Noisy activists aside, GSK investors backed Walmsley and her strategy

이자형mma Walmsley is at the starting line. That may sound a churlish assessment of years of graft to get GlaxoSmithKline’s consumer products division fit for demerger this summer, but it’s roughly accurate. The “step-change in growth”, 로 chief executive puts it, for the core pharmaceutical division has always been the main event and that race has barely started.

More generously, one can say it was an achievement to avoid stumbles during the warmup stages. Elliott Advisors, the noisy activist in the wings, ultimately proved only a minor distraction. Other shareholders showed no appetite for regime change and backed Walmsley and her strategy. The fact that Unilever put £50bn on the table for the consumer division vindicated the thesis that the Sensodyne-to-Panadol unit is a store of riches (even if the stock market still has to endorse that valuation). GSK’s share price has improved by a third since its sickly level of £12 a year ago.

Yet £20-plus is really a minimum definition of medium-term success given that GSK was at £18 before the pandemic disrupted demand for the group’s bestselling shingles vaccine. It ought to be possible. Wednesday’s bang-in-line numbers for 2021 were accompanied by a forecast of 5%-7% growth in sales in pharmaceuticals this year and 12%-14% in operating profit. Walmsley’s five-year promise was compound rates of 5% 과 10% 남미의 팀은 하나의 큰 그룹에서 플레이, so it’s on pace.

여전히, 그러나, investors look ahead. Seven potential drugs, including biggies for a respiratory virus, hepatitis B and rheumatoid arthritis, receive critical read-outs from the labs this year, the first big test on Walmsley’s watch of the quality of the pipeline. Further out, she may need a big pharma deal to ignite the next round of innovation – or, 적어도, that’s the City’s view. But she’s in the hunt. Her position looks as secure now as at any time in the past year.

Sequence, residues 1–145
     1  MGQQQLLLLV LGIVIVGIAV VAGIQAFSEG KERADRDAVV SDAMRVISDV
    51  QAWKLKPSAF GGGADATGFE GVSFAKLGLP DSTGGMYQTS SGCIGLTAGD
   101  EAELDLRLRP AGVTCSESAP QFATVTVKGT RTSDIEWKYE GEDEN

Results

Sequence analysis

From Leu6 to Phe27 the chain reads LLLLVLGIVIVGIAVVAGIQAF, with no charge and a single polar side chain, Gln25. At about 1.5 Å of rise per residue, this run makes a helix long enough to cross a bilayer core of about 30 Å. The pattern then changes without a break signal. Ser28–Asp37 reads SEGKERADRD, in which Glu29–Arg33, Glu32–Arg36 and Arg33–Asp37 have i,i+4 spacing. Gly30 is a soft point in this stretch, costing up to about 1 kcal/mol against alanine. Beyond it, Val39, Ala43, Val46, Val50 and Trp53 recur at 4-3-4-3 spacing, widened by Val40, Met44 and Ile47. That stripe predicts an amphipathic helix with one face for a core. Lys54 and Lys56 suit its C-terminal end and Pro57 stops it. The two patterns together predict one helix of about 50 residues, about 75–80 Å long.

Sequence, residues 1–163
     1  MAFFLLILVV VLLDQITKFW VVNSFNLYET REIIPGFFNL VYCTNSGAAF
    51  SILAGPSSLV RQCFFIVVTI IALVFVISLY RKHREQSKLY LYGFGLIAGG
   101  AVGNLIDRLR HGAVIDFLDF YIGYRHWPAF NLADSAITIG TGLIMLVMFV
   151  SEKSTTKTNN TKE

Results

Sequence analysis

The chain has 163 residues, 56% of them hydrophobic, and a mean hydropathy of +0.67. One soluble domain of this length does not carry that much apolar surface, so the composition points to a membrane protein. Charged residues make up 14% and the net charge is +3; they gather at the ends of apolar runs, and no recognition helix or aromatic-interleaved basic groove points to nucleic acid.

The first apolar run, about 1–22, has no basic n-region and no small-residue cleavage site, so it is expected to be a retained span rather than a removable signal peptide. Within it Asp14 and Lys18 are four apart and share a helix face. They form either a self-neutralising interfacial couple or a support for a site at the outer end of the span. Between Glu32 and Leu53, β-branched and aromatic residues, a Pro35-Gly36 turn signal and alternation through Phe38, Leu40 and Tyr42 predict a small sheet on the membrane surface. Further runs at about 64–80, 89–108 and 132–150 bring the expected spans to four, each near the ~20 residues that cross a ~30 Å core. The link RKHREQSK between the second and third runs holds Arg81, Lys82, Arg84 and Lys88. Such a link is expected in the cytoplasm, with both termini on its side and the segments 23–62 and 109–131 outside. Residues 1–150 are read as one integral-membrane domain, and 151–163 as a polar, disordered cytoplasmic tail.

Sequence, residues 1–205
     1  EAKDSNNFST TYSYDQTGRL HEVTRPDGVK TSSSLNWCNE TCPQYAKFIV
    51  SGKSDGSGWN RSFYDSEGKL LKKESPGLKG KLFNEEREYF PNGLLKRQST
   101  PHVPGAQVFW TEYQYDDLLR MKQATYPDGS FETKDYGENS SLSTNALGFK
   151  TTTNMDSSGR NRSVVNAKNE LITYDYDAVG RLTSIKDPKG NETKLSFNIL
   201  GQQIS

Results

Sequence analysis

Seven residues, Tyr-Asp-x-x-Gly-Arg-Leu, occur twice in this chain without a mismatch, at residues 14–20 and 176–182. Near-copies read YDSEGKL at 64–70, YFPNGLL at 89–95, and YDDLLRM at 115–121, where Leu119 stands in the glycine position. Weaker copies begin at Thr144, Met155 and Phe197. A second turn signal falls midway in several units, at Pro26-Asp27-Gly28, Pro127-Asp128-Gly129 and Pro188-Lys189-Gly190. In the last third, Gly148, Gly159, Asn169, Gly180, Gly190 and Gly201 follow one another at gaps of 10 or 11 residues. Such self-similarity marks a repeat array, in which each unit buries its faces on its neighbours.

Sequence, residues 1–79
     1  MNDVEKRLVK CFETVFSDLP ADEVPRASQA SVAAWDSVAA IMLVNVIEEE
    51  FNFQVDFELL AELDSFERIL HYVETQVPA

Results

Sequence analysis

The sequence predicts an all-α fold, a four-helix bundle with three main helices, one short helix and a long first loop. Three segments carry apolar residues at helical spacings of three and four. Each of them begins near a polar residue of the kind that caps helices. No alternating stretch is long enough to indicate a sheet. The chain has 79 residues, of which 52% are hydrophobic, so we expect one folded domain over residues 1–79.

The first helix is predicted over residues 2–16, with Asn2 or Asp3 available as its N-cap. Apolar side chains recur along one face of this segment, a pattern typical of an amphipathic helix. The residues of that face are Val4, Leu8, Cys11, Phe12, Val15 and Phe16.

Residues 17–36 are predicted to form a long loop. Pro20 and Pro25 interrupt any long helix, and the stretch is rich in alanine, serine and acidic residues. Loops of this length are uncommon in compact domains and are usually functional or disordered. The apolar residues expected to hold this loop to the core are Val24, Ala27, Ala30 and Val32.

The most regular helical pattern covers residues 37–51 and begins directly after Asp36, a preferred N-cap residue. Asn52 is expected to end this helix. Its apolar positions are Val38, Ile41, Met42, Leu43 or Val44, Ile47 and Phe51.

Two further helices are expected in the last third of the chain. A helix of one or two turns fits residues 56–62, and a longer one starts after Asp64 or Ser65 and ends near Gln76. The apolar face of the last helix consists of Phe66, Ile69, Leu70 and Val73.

So much for the idea that Holdings would return in glory to the London Stock Exchange, carried aloft by local investors who regret their former luddite ways. Masayoshi Son, the chief executive of SoftBank, crushed dreams of a happy homecoming for Cambridge’s finest chip designer with a few brutal words on Tuesday: “We think that the Nasdaq stock exchange in the US, which is at the centre of global hi-tech, would be most suitable [for a listing]”.

This twist in the plot, sadly, was always a hazard. SoftBank’s attempt to sell Arm to Nvidia of the US has been slowly collapsing for months, but it was never guaranteed that London would be chosen for an alternative disposal via IPO. Arm was plucked from the UK market in 2016 but sentiment doesn’t count for much. SoftBank is a semi-forced seller and will list the company where it thinks it will secure the highest price. Despite Nasdaq’s wobble in recent weeks, that place is probably still New York.

For the London Stock Exchange – and the chancellor, 리시 수낙, the cheerleader-in-chief for UK tech – there is a question of how hard to fight to try to persuade Son to re-think. It would be embarrassing to mount a campaign and fail. A secondary listing in London is a feasible runner-up prize, but even that isn’t guaranteed.

Blame Theresa May and Philip Hammond, the prime minister and chancellor in 2016. In their post-Brexit confusion, they blessed Arm’s takeover in exchange for a few loose pledges from SoftBank about jobs and investment in the UK. If they had also insisted that any re-listing of Arm would have to be in London, Son might have signed.

A minor miracle must have taken place at Liverpool Victoria. It is only three months since the board of the LV= mutual insurer was telling its members that “significant investment” was needed “to be able to compete effectively in the future”. Since it wouldn’t be fair to use internal capital (because with-profits policies might expire before there was a return on the investment), a takeover by Bain Capital was deemed essential.

잘, the Bain deal was shot down by members and now merger talks with Royal London have failed. 그러나, it turns out, LV= thinks its troubles have evaporated. The performance of the business “has strengthened the Board’s belief in, and commitment to, the continuation of our status as an independent mutual,” says Seamus Creedon, the interim chair.

To put it mildly, this claim needs a fuller explanation given previous statements. And the most baffling part of all is that Mark Hartigan, the chief executive and chief advocate for the Bain surrender, is deemed the right boss to lead an independent future. There is a credibility shortfall.

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